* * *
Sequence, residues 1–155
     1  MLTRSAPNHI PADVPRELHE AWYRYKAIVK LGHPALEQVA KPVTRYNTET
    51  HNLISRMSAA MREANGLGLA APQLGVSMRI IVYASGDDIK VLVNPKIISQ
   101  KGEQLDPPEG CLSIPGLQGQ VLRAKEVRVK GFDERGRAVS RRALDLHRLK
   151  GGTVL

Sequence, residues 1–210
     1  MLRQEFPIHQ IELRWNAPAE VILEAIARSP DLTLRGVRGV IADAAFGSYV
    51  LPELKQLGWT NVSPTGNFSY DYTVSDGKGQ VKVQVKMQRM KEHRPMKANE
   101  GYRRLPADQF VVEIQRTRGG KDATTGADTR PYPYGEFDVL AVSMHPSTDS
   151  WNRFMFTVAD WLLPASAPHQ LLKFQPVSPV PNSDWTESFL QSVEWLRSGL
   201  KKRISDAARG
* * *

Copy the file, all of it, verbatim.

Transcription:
Sequence, residues 1–155
     1  MLTRSAPNHI PADVPRELHE AWYRYKAIVK LGHPALEQVA KPVTRYNTET
    51  HNLISRMSAA MREANGLGLA APQLGVSMRI IVYASGDDIK VLVNPKIISQ
   101  KGEQLDPPEG CLSIPGLQGQ VLRAKEVRVK GFDERGRAVS RRALDLHRLK
   151  GGTVL

Sequence, residues 1–210
     1  MLRQEFPIHQ IELRWNAPAE VILEAIARSP DLTLRGVRGV IADAAFGSYV
    51  LPELKQLGWT NVSPTGNFSY DYTVSDGKGQ VKVQVKMQRM KEHRPMKANE
   101  GYRRLPADQF VVEIQRTRGG KDATTGADTR PYPYGEFDVL AVSMHPSTDS
   151  WNRFMFTVAD WLLPASAPHQ LLKFQPVSPV PNSDWTESFL QSVEWLRSGL
   201  KKRISDAARG